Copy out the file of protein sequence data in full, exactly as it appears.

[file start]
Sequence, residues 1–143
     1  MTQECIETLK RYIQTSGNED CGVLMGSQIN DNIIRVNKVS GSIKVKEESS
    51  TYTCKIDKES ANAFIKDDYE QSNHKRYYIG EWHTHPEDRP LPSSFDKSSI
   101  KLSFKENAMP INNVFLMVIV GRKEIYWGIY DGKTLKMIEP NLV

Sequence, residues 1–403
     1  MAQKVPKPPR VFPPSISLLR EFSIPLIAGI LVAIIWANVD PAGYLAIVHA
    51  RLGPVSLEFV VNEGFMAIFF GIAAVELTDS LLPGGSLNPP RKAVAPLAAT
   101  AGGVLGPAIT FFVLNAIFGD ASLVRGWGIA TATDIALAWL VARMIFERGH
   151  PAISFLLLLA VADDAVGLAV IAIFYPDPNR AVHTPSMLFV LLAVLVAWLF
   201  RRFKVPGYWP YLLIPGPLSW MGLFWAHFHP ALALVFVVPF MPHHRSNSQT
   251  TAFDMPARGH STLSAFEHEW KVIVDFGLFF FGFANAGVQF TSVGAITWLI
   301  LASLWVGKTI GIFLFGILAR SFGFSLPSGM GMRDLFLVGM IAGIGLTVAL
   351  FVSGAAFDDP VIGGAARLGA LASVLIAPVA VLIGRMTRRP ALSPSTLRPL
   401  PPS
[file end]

Sequence, residues 1–143
     1  MTQECIETLK RYIQTSGNED CGVLMGSQIN DNIIRVNKVS GSIKVKEESS
    51  TYTCKIDKES ANAFIKDDYE QSNHKRYYIG EWHTHPEDRP LPSSFDKSSI
   101  KLSFKENAMP INNVFLMVIV GRKEIYWGIY DGKTLKMIEP NLV

Sequence, residues 1–403
     1  MAQKVPKPPR VFPPSISLLR EFSIPLIAGI LVAIIWANVD PAGYLAIVHA
    51  RLGPVSLEFV VNEGFMAIFF GIAAVELTDS LLPGGSLNPP RKAVAPLAAT
   101  AGGVLGPAIT FFVLNAIFGD ASLVRGWGIA TATDIALAWL VARMIFERGH
   151  PAISFLLLLA VADDAVGLAV IAIFYPDPNR AVHTPSMLFV LLAVLVAWLF
   201  RRFKVPGYWP YLLIPGPLSW MGLFWAHFHP ALALVFVVPF MPHHRSNSQT
   251  TAFDMPARGH STLSAFEHEW KVIVDFGLFF FGFANAGVQF TSVGAITWLI
   301  LASLWVGKTI GIFLFGILAR SFGFSLPSGM GMRDLFLVGM IAGIGLTVAL
   351  FVSGAAFDDP VIGGAARLGA LASVLIAPVA VLIGRMTRRP ALSPSTLRPL
   401  PPS